In a recent blog post Pavel Kutsev, a leader of the Ukrainian harm reduction movement, chronicles an escalating battle. Pavel, also a leader of the organization Drop-In Center, writes about a campaign against substitution therapy programs started by certain Ukrainian politicians and non-profit organizations.
Until now the war has been limited to banning methadone programs in municipal hospitals of particular cities. But during the past few weeks the anti-methadone campaign has intensified, with new actions such as a press conference against methadone use and police searches of methadone sites. These events were widely reported by Ukrainian mass media and the coverage was not always unbiased.
On September 29 a campaign called “Ukraine without Drugs,” funded by one of the candidates for Ukraine's presidency, held a press conference.
Pavel attended the event and shared his impressions on the Web blog. He wrote:
The press conference was held in UNIAN facilities [one of the biggest news agencies in Ukraine]. There was not a single person with a medical degree among the organizers. Here are some of the quotations from the press releases:
Ukraine continues methadone experiments! They have already reached our kids in prisons! They want to introduce substitution therapy in prisons! On September 29 activists all over Ukraine are starting a hunger strike in front of government buildings to stop the drug genocide….
This is not the first non-profit to have a repressive attitude towards the issue of drug addiction.
We have tried to involve them in a discussion based on real facts and the truth. For instance, after they stated that “while Europe rejects substitution therapy, Ukraine is importing this trash,” we asked, “Would you mind disclosing the sources of your information?” We got a response saying that “all smart people know this.”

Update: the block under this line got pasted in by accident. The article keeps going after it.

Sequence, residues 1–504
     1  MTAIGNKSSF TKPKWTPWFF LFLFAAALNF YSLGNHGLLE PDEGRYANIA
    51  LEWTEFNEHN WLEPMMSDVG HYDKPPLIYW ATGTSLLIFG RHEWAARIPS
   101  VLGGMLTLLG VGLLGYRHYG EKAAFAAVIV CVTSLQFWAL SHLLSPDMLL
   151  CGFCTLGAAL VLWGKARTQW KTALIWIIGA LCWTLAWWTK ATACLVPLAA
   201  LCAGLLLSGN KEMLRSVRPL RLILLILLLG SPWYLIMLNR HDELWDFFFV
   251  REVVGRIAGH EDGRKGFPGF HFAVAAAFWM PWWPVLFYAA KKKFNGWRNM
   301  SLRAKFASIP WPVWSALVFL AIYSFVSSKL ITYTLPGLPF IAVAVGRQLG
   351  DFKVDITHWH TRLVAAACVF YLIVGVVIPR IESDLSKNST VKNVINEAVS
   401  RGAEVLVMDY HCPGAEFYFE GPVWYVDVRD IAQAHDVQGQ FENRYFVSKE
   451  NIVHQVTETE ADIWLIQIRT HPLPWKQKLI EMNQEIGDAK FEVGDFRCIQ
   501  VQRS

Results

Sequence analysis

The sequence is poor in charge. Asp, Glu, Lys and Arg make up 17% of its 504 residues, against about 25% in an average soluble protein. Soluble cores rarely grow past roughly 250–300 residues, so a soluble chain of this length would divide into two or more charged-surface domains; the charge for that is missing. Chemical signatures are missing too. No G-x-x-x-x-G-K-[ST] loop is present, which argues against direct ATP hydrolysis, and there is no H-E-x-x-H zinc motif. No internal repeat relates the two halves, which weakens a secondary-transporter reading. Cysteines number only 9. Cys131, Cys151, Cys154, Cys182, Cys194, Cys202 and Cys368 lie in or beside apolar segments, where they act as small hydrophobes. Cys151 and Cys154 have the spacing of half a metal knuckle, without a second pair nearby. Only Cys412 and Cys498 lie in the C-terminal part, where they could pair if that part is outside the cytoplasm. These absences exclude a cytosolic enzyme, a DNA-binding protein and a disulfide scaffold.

Without presenting a single true fact, without providing a single real figure, these “smart people” attempted to send away all “non-journalists” from the press conference. When I introduced myself as a journalist, a publisher and a patient of substitution therapy, I heard people whispering behind my back that I was not adequate. By the way, most of the people who organized this press conference have been trying to establish a partnership with me and my organization.
I have to say that at least one person, a police officer named Mr. Oleg Shutko, was honest. He admitted that some people vitally need methadone and that the solution to the problem is complex. But even these words were misinterpreted by his colleagues who commented that the number of such people was extremely low. When we asked how low this number is, they were not able to respond. (According to the U.N. and the World Health Organization the number of people who need methadone therapy in Ukraine is 40,000.)
Pavel has admitted that often methadone patients do give the authorities real reasons to take action against substitution therapy programs, but closing methadone sites isn't the solution. Pavel says that having local powers work together with the police, as well as forcing medical personnel to strictly follow the procedures of providing substitution therapy medications, would lead to better results.
In addition to the press conference, recently many regional methadone sites have been searched by the police. Afterwards, many media outlets published reports exaggerating the drug seizures made during the searches. Pavel commented on this occurrence:
Have you read this Ternopil newspaper? It says: “A criminal group of doctors was detained and 455 mg of methadone were seized.” Please note, not 0.4 g of methadone (which is just 2-3 average doses) but 455 mg – perhaps they think it looks better.
Pavel stated that media coverage of methadone programs is often full of stigma. He wrote:
Odessa Web resource Timer quoted the chief doctor of the Odessa Narcology Clinic as saying: “If only you knew what our nurses have to go through! They might even be killed in the corridor! Each drug addict is a criminal. These so-called patients sometimes threaten our nurses with death threats, demanding an additional dose…”
In Cherkassy, doctors themselves call methadone patients “doomed.” Can you imagine the atmosphere on this methadone site?